Theatre and Dance
Bard in the Barn and Shakespeare in the Ravine are performances that showcase “unrehearsed Shakespeare” performance techniques, based on the theories of Patrick Tucker as published in his Secrets of Acting Shakespeare and strongly influenced by the work of the New England Shakespeare Festival. Professor Bill Kincaid, the head of acting in the department, specializes in the technique.
These events include student and alumni actors from Western Illinois University, and were originally performed in conjunction with the Macomb Area Convention and Visitors Bureau’s Barnacopia usually in October. The annual event has moved from the barn to the Ravine on the WIU campus.
About “Unrehearsed Shakespeare” Techniques:
Unrehearsed Shakespeare performance attempts to recreate what it may have been like for Elizabethan audiences and actors to experience the work of Shakespeare and his contemporaries. The experience relies on a new understanding of the relationship between actors and audience, and a deep appreciation of the clues hidden in an acting text, which allow the plays to be performed without rehearsal.
Looking at original performance schedules of theatres in Shakespeare’s day, there is no time set aside for rehearsal; shows simply begin appearing in the schedule. It is assumed that these shows were originally performed with little or no rehearsal. Out of concern for the actors’ safety, any stage violence or group movement (for example, the assassination of Julius Caesar, or the dance in Winter’s Tale) is rehearsed immediately before the performance.
The actors receive scrolls, with only their lines and their cues on them. The actors study their roles, from these “rolls”, or cue scripts, and use them in performance. The actors are asked not to read or study the rest of the play, but learn and study their own role. Because of this “double-blind” the audience and actors have the experience of discovering parts of the play for the first time – a unique opportunity with plays that are often considered familiar. Props and costumes are minimal, attempting to create the “roughness” of the original performances.
The actors are trained to carefully follow the scripts’ punctuation, spelling and (very few) stage directions, which are taken directly from the First Folio of Shakespeare’s work. Because punctuation in the 17th century indicated how words were spoken aloud, the actors are trained to recognize these and other clues to help them communicate with the audience.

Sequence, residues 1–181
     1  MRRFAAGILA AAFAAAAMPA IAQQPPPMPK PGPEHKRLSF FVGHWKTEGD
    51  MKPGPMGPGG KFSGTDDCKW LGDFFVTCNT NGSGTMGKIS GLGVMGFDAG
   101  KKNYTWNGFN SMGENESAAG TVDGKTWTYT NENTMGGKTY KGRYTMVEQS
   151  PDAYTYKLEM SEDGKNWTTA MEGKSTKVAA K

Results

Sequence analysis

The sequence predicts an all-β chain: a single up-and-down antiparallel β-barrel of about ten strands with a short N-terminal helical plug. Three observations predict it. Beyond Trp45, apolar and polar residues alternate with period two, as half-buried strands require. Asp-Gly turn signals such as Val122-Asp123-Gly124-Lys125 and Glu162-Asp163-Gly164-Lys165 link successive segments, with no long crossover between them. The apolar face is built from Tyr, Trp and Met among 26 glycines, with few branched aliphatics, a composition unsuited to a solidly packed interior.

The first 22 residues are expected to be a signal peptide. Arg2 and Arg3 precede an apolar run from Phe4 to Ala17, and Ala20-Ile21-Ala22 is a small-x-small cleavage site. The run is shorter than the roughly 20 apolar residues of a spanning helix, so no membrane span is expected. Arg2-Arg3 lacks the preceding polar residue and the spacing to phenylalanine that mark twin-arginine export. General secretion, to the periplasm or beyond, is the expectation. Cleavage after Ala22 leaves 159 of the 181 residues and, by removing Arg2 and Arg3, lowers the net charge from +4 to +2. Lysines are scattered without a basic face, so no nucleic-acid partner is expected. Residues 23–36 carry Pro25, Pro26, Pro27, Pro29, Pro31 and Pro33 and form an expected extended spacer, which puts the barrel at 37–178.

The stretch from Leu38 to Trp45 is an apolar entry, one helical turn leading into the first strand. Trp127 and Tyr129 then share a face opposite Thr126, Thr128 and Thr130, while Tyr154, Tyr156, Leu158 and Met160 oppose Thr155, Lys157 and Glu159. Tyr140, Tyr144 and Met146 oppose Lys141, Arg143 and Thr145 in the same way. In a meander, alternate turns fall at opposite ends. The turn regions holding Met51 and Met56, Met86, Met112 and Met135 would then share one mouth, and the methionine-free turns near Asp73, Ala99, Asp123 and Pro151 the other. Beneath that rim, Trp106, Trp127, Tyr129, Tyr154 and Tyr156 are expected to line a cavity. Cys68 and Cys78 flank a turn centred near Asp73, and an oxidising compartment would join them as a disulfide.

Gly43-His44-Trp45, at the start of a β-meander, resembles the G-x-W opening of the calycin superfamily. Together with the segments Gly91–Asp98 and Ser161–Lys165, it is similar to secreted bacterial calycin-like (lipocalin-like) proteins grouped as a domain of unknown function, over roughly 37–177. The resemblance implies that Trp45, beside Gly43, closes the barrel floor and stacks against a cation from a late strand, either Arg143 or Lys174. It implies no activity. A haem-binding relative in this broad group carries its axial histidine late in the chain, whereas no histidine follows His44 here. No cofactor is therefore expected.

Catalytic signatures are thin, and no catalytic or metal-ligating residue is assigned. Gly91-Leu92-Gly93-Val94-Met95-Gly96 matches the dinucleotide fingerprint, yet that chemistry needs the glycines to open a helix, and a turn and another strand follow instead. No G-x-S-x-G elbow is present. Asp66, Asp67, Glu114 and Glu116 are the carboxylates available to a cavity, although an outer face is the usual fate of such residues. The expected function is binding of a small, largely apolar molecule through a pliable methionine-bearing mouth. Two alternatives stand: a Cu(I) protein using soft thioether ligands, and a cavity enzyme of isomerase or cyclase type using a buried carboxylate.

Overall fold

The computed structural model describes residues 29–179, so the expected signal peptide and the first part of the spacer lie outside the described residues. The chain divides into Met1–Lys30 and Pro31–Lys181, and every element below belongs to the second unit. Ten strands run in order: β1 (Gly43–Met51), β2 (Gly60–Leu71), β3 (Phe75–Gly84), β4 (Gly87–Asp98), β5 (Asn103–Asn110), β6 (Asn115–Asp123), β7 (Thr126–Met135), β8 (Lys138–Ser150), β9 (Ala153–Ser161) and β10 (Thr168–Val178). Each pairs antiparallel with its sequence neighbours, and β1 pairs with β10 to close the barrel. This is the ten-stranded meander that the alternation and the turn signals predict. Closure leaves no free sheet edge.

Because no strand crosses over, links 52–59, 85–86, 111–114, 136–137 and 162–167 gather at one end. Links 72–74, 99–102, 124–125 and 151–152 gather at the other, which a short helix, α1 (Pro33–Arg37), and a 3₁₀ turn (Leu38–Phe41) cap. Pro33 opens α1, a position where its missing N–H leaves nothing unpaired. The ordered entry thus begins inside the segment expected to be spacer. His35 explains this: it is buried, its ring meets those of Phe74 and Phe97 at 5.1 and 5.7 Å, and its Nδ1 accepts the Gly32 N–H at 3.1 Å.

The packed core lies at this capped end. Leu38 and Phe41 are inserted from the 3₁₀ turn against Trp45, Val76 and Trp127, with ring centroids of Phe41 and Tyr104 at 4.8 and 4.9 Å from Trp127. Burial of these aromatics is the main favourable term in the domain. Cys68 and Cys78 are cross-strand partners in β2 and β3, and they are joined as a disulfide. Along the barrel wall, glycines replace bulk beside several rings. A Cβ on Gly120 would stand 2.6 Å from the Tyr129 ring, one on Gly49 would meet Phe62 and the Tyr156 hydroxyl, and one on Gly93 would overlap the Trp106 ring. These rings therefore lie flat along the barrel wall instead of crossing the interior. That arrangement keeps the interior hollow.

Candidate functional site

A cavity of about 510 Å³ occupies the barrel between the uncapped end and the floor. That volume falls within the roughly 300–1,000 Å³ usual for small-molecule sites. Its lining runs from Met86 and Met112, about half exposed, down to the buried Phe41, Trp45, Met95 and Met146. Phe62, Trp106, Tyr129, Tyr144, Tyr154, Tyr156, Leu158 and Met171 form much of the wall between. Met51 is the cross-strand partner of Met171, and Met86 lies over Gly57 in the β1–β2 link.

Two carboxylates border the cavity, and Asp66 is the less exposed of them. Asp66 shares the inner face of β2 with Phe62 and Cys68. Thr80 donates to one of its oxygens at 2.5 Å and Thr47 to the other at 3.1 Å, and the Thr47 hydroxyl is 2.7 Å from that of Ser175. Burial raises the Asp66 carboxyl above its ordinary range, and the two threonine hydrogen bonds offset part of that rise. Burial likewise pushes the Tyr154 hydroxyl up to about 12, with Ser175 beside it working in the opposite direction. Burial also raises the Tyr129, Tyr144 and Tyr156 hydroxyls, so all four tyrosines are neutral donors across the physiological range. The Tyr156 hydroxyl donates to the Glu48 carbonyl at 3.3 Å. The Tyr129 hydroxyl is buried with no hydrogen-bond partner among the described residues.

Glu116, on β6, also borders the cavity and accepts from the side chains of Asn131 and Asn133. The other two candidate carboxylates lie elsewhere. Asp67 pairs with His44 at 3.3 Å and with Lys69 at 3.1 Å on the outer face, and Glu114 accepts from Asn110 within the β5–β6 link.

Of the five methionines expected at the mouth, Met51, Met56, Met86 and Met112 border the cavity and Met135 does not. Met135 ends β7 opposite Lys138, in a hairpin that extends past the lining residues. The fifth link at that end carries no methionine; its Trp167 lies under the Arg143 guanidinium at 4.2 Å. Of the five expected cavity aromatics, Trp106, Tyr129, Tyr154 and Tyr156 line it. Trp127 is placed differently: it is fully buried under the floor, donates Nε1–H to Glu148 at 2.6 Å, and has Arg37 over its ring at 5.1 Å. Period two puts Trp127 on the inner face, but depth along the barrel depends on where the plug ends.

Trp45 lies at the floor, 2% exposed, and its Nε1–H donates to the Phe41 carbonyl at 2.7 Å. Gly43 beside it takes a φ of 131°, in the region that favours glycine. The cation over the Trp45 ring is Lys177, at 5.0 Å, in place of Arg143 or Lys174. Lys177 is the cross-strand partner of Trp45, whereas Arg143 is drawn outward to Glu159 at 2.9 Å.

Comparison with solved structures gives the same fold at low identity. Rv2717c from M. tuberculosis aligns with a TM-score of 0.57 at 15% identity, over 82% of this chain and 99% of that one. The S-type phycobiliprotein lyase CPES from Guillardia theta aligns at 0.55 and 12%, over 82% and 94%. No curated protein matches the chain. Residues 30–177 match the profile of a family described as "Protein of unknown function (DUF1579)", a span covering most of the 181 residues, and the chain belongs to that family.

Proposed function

Audience participation is encouraged, and the actors are encouraged to work with the audience as much as possible. In a theatre that originally held large crowds of unruly people, plays were designed to communicate with all elements of that audience. In our 21st century attempt to re-create that dynamic, actors are trained to be fearless and daring in their work—and they have to be. The plays are performed without intermission and the audience is encouraged to move around if they want a better view, bring food, talk if they want, and certainly interact with the actors (respecting the actor’s safety, of course).
In its inaugural year (2006), Bard in the Barn produced unrehearsed performances of The Winter’s Tale, The Comedy of Errors andJulius Caesar. A showcase performance ofJulius Caesar was also performed at the Kennedy Center American College Theatre Festival Region III festival in January of 2007.
Families, small children, anyone with an interest in the arts, and anyone who thinks they don’t care for Shakespeare is encouraged to attend; having a diverse and active audience is an essential part of the experience. The festival provides an experience unique to the Midwest community and is an important component of the training programs at WIU Department of Theatre and Dance.
To view the video podcast from the WIU production of "Bard in the Barn".